KANKAKEE SANDS — The cold December wind whips across the Indiana prairie where several bison are gathered not far from a county road in Newton County.
The bison, commonly called buffalo, are uniquely designed to withstand these freezing temperatures with five times as many hair follicles as a domestic cow.
"Snow can fall on a bison and it doesn't melt because they are so insulated," says Ted Anchor, site manager at The Nature Conservancy's 8,300-acre Kankakee Sands in Northwest Indiana.
The bison's massive head acts as a plow to push snow out of the way so it can get to the prairie grass that they have been brought to the site to help control.
"We've spent the last 20 years building these prairies and now we've brought the bison here because we know they were here originally," Anchor said.
The Nature Conservancy has planted more than 600 different native plant species in 6,700 acres of the land it manages at Kankakee Sands. The bison's diet consists primarily of the prairie grasses and their presence aids in making sure the area they patrol at the Efroymson Restoration has shorter grasses that are needed by a variety of other plants and animals, such as the upland sandpiper, who like the bison has declined in population as a result of hunting and loss of habitat. Wildflowers are also expected to benefit from the bison's preference for the grasses.
In 1800, it was estimated there were 40 million bison, according to the National Park Service. By 1900, there were less than a thousand left in North America. The majority of the 40 million animals were killed in a 45-year period, beginning in 1830.
The animal's range at one time stretched from Mexico into Alaska, including Indiana, although their history in the state may be unknown by many.
"You can't believe how many Hoosiers have asked me: "Were they even native to the state?' " said Anchor, during a recent interview at the Kankakee Sands headquarters. Bison, he notes, are even part of the state seal of Indiana.
Anchor said his research shows the last wild bison in Indiana was shot in 1830 outside of French Lick.
"The last record I can find in the immediate area was just north of this site in 1824," he said.
"So bison were here. They were in the prairie landscape. There's good records there," Anchor said.
On October 15, 2016, the bison returned to the area as part of The Nature Conservancy's efforts to restore the prairie and wetlands in the area. They came from The Nature Conservancy's Lame Johnny Creek Ranch in South Dakota, which in turn acquired its bison from the Wind Cave National Park in that state. The Kankakee Sands herd is one of 13 that the Nature Conservancy maintains on about 130,000 acres of land.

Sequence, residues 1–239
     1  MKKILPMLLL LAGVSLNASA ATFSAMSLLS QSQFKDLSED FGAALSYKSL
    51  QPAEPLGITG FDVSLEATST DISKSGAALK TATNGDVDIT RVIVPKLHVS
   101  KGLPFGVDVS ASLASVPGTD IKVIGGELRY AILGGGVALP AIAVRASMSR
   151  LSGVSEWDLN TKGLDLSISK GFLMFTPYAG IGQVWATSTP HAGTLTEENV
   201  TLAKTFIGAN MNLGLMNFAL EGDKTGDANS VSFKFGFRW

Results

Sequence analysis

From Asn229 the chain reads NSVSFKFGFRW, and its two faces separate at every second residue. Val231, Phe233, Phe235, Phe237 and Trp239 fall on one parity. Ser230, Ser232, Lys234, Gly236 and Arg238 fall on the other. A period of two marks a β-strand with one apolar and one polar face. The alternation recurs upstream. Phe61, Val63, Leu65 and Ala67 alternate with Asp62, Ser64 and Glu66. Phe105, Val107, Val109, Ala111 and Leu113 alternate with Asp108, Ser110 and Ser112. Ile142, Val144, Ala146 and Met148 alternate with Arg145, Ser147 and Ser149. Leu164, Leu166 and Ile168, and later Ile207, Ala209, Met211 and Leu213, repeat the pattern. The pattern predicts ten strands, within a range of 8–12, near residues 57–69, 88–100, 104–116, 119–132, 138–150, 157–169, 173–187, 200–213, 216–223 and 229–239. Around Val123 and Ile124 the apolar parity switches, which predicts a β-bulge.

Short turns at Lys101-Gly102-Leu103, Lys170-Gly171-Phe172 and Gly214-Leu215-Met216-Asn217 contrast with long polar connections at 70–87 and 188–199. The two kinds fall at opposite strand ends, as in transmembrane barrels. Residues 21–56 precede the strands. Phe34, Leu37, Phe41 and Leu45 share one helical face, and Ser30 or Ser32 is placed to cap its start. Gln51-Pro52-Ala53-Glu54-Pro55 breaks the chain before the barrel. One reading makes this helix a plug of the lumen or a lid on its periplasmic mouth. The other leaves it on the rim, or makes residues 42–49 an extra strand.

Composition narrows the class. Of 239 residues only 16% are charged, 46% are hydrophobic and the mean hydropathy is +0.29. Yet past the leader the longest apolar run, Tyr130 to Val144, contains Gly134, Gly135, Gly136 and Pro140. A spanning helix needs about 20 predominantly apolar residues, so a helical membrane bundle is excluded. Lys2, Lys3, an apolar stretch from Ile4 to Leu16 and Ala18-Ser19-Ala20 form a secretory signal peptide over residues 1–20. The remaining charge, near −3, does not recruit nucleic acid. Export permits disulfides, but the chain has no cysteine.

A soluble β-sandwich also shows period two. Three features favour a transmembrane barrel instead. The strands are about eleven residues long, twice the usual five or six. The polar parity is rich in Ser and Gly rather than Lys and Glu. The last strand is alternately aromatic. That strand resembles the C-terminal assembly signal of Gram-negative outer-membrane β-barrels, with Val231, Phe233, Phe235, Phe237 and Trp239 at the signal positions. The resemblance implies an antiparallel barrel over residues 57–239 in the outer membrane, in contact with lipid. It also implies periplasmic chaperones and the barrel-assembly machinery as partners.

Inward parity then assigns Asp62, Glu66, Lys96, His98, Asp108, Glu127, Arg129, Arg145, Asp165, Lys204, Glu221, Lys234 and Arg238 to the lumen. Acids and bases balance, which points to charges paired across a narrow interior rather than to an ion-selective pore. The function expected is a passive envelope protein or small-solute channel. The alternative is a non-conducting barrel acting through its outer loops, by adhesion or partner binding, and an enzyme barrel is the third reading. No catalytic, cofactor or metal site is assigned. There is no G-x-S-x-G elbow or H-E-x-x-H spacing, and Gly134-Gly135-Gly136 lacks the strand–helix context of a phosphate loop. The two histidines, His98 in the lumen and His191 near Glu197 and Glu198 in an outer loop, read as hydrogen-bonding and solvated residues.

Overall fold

The 23 bison at Kankakee Sands are located within a 1,060 area section of the restored prairie. Eventually, Anchor said the herd is anticipated to grow to between 50 and 75 animals. The figure is based on computer models that were run on what is needed to maintain the short grass prairie section of the conservation area. Some of the bison are already pregnant and Anchor anticipates the herd reaching its ideal size in about two years.
"This really isn't about bison," said Anchor. "It's really about prairie management. It's really about the ecosystem, the prairie as a natural community."
The bison, however, have been a magnet for visitors to the Kankakee Sands area, drawing sightseers from not just the Region but other parts of the world.
"I can't even begin to tell you how much more it is. It's a lot more. Many, many times more than it was in the past," said Anchor.
Crown Point resident Rick Katz and his wife, Judy, were among those who have viewed the bison at the site, which is about a 45-minute trip from their home.
He said despite the bison being there only a short time they already "seem right at home" and praised the staff for their preparation for the animals' re-entry into the area.
"What's exciting to me is it's a ripple effect," said Katz of the bison's impact.
Katz has been going to Kankakee Sands for a couple of years to enjoy the flora and fauna such as the northern harriers and short-eared owls.
"When I went down there and saw the owls I was hooked," he said.
About 30 miles south of Schererville on U.S. 41, a sign on the west side of the road with an image of a bison, directs travelers to the viewing area. The headquarters just south of the turn also has a kiosk containing information about the area.
"Our goal is to have a self-guided experience," said Anchor, although he asks educators bringing groups of students to the site to contact them ahead of time. Contact information and more information about Kankakee Sands and the bison can be found at nature.org/kankakeesands.
The site has set aside an acre for parking, which can accommodate buses. Anchor guesses there may be as many as 300 to 400 people paying a visit on a busy day. In addition to trying to catch a glimpse of the bison, visitors can also enjoy the rest of one of the largest prairie recreations in the United States. Three trails are available for people to use, although they are not allowed to enter the bison area.
There are some other places in the state and Region where bison are located, but the ones at Kankakee Sands are not there for meat production. Anchor said the staff want the bison to act as natural as possible, including sparring and breaking off into bachelor groups. At the same time, Anchor notes they also are not considered wild animals.
"They are considered cattle in the state of Indiana," said Anchor and have to have ear tags attached. Although not required, the staff at the conservation area also vaccinate the animals.
"We want the animals to have a good life," Anchor said.
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